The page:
Basic instincts

At 5:15 a.m. one day last week, I sprang from my pillow, wide awake.

No alarm had rung, no thunder rolled, no husband had yet stirred, nor did I have to be anywhere before 6 a.m.

So why did I jolt from my dreams over an hour before I normally would? Because my eldest son had drawn the early shift at one of his part-time summer jobs and was due for duty at 5:30 a.m.

At 19, he has happily weathered one year at college without ever sleeping in and missing a class or an early morning work assignment, and each of my three kids long ago developed the habit of setting their own alarms on school days and other dates when a certain waking time is required.

But somewhere deep inside, I knew my son needed to rise sooner than usual, and my internal clock somehow set itself to alert me to listen for the sounds that would indicate he was on his way exactly when he needed to be. It wasn’t until after I’d heard him descend the stairs, make his way out the door and start the car that I was able to fall back to sleep for a period.

Motherly instincts die hard, and even when we no longer need them, they don’t necessarily disappear. Before I was a mother myself, I remember watching (with a slight degree of disbelief) moms of preschoolers stand, swaying gently back and forth, as though they were still quieting infants in their arms–though those former infants were now tearing around the park on their own strong legs and showed no signs of slowing down for their mothers and a nap time lullaby anytime soon.

After motherhood found me, the “Mommy Sway” became part of my kinetic repertoire, too, and likely didn’t take leave of me until my youngest was nearing 5. Where’s the “off” switch for parenting patterns?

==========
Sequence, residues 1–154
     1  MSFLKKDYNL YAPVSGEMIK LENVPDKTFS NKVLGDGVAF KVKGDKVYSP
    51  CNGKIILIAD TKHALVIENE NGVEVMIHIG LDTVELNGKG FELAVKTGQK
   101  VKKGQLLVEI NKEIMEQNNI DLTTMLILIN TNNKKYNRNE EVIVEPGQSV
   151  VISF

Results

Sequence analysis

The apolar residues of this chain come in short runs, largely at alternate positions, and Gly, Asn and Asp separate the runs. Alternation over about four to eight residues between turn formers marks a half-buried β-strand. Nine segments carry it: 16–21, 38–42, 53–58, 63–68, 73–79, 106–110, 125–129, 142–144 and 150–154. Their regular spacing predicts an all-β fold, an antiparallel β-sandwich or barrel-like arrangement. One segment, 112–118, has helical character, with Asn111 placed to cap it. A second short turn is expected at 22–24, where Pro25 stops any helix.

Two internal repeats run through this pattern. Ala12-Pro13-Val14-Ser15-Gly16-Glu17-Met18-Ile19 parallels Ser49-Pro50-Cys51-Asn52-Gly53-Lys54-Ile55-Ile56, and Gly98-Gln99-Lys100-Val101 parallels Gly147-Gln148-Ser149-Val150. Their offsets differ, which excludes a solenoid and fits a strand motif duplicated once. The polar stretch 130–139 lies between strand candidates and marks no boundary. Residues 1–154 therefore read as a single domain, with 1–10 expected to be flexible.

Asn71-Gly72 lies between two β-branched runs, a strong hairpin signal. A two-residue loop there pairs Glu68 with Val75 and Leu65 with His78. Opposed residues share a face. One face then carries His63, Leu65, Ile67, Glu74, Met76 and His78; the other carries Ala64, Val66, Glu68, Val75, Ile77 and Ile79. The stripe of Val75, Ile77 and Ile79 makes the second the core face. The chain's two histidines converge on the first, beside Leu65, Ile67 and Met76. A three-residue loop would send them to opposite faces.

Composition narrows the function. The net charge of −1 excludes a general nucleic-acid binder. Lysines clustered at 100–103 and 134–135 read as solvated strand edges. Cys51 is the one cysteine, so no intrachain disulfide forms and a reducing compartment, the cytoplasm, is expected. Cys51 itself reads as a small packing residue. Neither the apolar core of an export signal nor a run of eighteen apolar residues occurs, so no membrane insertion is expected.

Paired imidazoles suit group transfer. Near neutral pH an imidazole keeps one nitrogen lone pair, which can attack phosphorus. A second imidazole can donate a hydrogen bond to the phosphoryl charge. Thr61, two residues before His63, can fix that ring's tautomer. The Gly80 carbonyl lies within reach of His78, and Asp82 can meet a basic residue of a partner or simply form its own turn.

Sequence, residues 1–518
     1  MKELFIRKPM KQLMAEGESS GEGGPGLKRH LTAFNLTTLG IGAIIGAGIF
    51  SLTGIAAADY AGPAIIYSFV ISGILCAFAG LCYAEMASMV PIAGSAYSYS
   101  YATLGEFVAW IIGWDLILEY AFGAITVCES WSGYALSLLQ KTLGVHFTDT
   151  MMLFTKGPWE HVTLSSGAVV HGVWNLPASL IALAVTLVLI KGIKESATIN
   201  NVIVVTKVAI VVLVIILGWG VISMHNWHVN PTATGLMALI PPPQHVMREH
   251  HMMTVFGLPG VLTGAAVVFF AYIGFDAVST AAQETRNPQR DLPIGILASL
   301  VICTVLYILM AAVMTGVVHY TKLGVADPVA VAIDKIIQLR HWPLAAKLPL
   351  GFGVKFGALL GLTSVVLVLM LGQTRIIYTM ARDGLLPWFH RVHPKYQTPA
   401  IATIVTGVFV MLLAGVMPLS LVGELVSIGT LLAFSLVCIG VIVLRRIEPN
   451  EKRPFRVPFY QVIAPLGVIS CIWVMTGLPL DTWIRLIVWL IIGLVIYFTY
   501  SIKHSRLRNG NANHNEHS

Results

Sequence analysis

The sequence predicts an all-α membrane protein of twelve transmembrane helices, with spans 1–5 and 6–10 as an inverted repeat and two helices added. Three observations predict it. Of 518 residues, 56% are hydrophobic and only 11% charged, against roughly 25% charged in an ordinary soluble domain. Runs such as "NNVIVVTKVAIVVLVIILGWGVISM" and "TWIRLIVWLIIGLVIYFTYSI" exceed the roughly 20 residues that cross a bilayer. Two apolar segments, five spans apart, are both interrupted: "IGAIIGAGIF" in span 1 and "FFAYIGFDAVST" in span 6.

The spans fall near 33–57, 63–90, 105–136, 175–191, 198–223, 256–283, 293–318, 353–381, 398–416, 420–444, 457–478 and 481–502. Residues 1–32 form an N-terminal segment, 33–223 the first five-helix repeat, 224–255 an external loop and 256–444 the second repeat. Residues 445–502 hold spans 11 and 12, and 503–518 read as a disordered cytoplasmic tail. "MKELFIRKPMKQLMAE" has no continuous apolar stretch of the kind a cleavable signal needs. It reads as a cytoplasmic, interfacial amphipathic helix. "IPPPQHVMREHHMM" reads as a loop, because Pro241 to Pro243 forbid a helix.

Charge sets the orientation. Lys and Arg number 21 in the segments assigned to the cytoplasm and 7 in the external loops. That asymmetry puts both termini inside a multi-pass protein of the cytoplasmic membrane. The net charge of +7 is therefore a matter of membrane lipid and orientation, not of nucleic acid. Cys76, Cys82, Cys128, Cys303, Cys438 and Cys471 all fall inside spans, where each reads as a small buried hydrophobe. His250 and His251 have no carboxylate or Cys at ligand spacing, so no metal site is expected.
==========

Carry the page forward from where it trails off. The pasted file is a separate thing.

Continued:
Another mommy trait which my kids–all teenagers now–frequently tease me for still possessing is the habit, ingrained through years of “teachable moments,” of pointing out people, places and things as we make our way about town or further afield.

“Look! It’s a cow! Moo! Moo! Cows give us milk…and ice cream!” I might once have detailed as we cruised down a rural highway. Or, in a city, “Do you see the blonde lady with the red purse? She’s tall,” or, “There’s a baby! Wave to the smiling baby!”

These days, if I lapse into that type of behavior (arguably with more advanced vocabulary and perhaps to draw attention to something subtler), I invariably suffer the teenage eye-roll and earn a response more like this: “WOW, mom, how old do you think I am?”

Hmmmm….. Good question. While, intellectually, I am well aware of my kids’ correct ages and know that not one of them is under 5’7, sometimes the Mommy Instinct betrays me and I’m back to the days when the slightest dark-of-night crib movement had me on the run to check the baby’s breathing, or my mind’s eye shows me a cheerful 13-month-old feeding himself in a high chair rather than the long-limbed 19-year-old currently before me who inhales his lunch while simultaneously absorbing news feeds on his laptop.

“Hey, it’s because I took the time and made the effort to tell you all those things that you got so smart, kid,” I sometimes retort to an impatient teen who chides me for sharing observations he/she can now easily grasp without my help. “How do you think you learned what a cow was in the first place?”

Such insights are met with the occasional sigh or sheepish shrug, and I guess that’s understandable. I feel the same way when my own mother persists in calling me “Janie,” even though no one else has used that name for me since I was about 6.

I get it, mom (even if I don’t like it!). And I also know why I can’t help but awaken when my kid has to be somewhere at 5:30 a.m., even though he is perfectly capable of getting up and heading off to work by himself, “big boy” that he is.

Diapering? Easy to leave behind. Caring? Not so much.

 

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